John Paczkowski

Recent Posts by John Paczkowski

Microsoft to Wall Street: Analyze This

Microsoft reported earnings for the first quarter of the company’s fiscal 2011 this afternoon, and they were record-breaking despite the pessimism of analysts who have been downgrading its stock lately.

Earnings per share were 62 cents on revenue of $16.2 billion, better than the 55 cents per share on $15.8 billion in revenue that analysts had been expecting. Net income spiked from $3.57 billion in the same quarter a year ago to $5.41 billion in the current one, bolstered by strong sales of Windows 7 and Office 2010. And pretty much all of the company’s divisions showed significant growth.

  • Revenue at Microsoft’s Windows division rose to $4.8 billion from $2.9 billion, with a profit of $3.3 billion.
  • Revenue at the company’s business unit, which includes Microsoft Office, rose to $5.1 billion from $4.5 billion. Profit was $3.4 billion.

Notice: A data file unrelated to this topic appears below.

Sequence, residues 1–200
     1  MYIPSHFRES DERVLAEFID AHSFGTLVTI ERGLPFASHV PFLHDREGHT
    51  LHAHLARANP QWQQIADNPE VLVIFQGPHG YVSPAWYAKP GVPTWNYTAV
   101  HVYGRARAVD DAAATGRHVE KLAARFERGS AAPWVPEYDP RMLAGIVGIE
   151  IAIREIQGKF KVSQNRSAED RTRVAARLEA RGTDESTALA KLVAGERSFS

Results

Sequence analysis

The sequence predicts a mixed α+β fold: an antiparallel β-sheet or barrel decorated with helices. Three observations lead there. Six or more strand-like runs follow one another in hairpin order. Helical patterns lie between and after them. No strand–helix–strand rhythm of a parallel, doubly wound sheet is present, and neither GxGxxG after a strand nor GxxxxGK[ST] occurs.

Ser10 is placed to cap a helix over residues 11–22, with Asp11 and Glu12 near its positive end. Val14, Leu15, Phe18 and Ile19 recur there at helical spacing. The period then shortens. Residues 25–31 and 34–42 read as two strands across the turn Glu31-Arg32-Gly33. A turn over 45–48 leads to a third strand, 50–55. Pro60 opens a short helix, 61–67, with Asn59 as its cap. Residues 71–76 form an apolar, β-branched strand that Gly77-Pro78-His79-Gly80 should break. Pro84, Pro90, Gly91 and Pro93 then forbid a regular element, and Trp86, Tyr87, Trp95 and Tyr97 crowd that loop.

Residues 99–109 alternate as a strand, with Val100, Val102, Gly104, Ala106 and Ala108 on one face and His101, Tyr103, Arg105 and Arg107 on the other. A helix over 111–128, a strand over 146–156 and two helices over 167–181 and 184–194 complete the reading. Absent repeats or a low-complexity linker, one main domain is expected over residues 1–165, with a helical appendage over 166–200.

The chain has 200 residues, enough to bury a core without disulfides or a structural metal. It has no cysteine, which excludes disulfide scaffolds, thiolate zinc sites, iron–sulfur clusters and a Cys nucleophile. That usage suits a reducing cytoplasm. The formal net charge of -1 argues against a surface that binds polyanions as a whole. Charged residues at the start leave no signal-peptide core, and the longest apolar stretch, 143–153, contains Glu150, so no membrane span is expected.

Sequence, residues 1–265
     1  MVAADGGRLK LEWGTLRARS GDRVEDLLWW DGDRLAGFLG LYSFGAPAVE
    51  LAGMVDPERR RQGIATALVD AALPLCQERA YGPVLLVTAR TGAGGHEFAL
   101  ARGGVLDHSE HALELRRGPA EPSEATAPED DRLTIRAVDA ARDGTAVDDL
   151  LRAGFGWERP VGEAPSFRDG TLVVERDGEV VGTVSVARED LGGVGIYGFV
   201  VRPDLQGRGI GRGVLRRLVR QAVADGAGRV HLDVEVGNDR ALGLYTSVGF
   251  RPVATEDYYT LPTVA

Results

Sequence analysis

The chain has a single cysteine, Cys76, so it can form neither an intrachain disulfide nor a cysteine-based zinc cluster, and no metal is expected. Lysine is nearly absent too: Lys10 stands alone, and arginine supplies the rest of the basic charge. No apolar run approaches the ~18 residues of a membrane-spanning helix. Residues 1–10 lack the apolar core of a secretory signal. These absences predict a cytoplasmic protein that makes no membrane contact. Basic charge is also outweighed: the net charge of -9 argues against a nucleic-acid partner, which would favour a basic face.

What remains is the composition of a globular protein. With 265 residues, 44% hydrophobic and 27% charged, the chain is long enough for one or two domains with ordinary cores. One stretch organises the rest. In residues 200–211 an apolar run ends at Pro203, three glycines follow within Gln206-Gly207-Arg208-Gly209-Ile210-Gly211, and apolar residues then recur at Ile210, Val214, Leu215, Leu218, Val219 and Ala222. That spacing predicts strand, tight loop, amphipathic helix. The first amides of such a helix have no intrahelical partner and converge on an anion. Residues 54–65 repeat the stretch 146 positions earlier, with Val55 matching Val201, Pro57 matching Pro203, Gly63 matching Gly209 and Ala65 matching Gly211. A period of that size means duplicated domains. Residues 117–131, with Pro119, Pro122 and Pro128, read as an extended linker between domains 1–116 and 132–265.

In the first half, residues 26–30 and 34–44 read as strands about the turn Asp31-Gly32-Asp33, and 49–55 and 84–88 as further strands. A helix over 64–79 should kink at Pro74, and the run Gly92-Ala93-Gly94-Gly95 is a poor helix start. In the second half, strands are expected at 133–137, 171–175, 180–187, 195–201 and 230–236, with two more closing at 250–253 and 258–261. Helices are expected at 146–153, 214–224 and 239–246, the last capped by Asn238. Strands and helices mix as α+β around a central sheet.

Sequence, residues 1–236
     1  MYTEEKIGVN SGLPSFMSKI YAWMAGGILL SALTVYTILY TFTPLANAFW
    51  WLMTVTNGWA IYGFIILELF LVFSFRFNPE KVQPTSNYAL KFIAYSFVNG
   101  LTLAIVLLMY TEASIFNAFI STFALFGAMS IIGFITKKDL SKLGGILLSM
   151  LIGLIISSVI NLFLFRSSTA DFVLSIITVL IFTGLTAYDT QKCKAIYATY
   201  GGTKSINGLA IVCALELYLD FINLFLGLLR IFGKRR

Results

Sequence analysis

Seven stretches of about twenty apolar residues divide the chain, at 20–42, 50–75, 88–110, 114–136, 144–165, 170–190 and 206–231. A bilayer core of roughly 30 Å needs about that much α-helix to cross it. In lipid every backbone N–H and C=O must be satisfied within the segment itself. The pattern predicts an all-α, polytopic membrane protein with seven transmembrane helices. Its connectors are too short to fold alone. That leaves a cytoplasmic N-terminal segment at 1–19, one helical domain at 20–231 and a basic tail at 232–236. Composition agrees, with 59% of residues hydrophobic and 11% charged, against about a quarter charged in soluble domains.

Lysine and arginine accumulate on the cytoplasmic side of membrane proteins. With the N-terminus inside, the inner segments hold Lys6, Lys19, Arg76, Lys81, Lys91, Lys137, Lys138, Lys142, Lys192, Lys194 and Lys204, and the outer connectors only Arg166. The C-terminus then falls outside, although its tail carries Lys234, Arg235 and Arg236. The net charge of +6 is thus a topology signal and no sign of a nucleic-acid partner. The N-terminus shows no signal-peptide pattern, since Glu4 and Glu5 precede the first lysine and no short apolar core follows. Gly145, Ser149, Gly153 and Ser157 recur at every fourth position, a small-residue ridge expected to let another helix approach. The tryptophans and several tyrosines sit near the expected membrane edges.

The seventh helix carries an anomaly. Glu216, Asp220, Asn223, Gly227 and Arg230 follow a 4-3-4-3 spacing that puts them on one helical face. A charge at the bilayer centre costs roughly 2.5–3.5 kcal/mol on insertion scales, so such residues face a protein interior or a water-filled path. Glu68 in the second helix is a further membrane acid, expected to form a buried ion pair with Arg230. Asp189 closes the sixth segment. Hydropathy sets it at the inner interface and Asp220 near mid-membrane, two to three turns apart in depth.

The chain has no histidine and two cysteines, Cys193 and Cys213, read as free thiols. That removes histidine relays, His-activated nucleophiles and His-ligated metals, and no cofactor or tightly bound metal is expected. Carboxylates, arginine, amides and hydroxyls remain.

• Revenue at its Entertainment and Devices Division rose to $1.7 billion from $1.5 billion. Profit was $382 million.
  • Finally, revenue at Microsoft’s money-losing online services division rose to $527 million from $487 million, though it did post a wider loss of $560 million.

“This was an exceptional quarter, combining solid enterprise growth and continued strong consumer demand for Office 2010, Windows 7 and Xbox 360 consoles and games,” Microsoft CFO Peter Klein said in a statement. “Our ability to grow revenue while continuing to control costs allowed us to deliver another quarter of year-over-year margin expansion.”

Twitter’s Tanking

December 30, 2013 at 6:49 am PT

2013 Was a Good Year for Chromebooks

December 29, 2013 at 2:12 pm PT

BlackBerry Pulls Latest Twitter for BB10 Update

December 29, 2013 at 5:58 am PT

Apple CEO Tim Cook Made $4.25 Million This Year

December 28, 2013 at 12:05 pm PT

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I think the NSA has a job to do and we need the NSA. But as (physicist) Robert Oppenheimer said, “When you see something that is technically sweet, you go ahead and do it and argue about what to do about it only after you’ve had your technical success. That is the way it was with the atomic bomb.”

— Phil Zimmerman, PGP inventor and Silent Circle co-founder, in an interview with Om Malik